President Vladimir Putin of Russia, Russia's Foreign Minister Sergei Lavrov and Russian Presidential Aide Yuri Ushakov (L-R) at the Radisson Blu Resort & Congress Center in Sochi, Russia, May 19, 2016. Source: Mikhail Metzel/TASS
Kathrin Hille, Financial Times: Dearth of young diplomatic talent in Moscow sparks concern
‘Old boys’ network’ steers Russia through worst stand-off with west since cold war
According to the law, Yuri Ushakov must step aside on Monday. That is the day Vladimir Putin’s foreign policy adviser turns 70 — the latest possible retirement age for government officials. Recent talk among Russian diplomats has been of his likely successor. Andrei Denisov, ambassador to China? Or perhaps Dmitry Peskov, Mr Putin’s spokesman?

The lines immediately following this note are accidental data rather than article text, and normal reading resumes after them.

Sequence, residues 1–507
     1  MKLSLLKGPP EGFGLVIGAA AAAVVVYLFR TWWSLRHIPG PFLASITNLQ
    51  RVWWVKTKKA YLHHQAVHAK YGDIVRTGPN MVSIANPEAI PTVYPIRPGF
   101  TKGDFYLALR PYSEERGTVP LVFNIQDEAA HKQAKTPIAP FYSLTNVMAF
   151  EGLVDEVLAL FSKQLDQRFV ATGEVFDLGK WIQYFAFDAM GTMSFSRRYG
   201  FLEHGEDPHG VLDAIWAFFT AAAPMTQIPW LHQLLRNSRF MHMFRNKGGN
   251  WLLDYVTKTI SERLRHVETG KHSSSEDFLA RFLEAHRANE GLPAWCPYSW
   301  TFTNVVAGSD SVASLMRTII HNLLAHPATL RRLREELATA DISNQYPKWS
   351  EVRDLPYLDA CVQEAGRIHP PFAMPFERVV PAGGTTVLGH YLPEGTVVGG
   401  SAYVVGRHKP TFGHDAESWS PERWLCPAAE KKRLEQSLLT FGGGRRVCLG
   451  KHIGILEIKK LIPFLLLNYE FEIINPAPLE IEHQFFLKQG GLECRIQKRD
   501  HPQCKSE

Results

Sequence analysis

Now the Kremlin has gone silent. “Expect him to stay at least another year. As long as things are so uncertain with regard to Russia-US relations, Putin will not let him go,” says Valery Solovei, a professor at MGIMO, the university where diplomats are trained.
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WNU Editor: When Russia's UN ambassador Vitaly Churkin died a few weeks ago, a reader of this blog asked me if there was anyone in the Russian foreign office who could replace someone like him .... my answer was "not really", and those who can measure up are too young (i.e. under the age of 50) .... and that age is a no-no for such an important post. This Financial Times article gives a good explanation on why this is a problem now .... and why it will be an even bigger problem in the future. I can only speak for my generation (those of us who are in our 50s) who were once diplomats .... we gave up on the foreign office because when the Soviet Union collapsed there was no opportunity for us to advance, so we did not renew our contracts and left to pursue other interests. I have no regrets .... though I will admit that I do sometimes wonder where I would be if I did not leave. Hmmm .... yup .... I would definitely be living a different life. :)